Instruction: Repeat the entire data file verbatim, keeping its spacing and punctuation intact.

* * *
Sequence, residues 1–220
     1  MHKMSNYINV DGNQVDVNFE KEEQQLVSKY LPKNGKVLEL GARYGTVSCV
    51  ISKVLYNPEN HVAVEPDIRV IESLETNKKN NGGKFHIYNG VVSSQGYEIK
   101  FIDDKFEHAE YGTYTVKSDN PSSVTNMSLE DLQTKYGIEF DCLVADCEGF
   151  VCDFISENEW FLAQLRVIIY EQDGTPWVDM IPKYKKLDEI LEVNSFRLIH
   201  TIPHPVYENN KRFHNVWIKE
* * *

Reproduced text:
Sequence, residues 1–220
     1  MHKMSNYINV DGNQVDVNFE KEEQQLVSKY LPKNGKVLEL GARYGTVSCV
    51  ISKVLYNPEN HVAVEPDIRV IESLETNKKN NGGKFHIYNG VVSSQGYEIK
   101  FIDDKFEHAE YGTYTVKSDN PSSVTNMSLE DLQTKYGIEF DCLVADCEGF
   151  VCDFISENEW FLAQLRVIIY EQDGTPWVDM IPKYKKLDEI LEVNSFRLIH
   201  TIPHPVYENN KRFHNVWIKE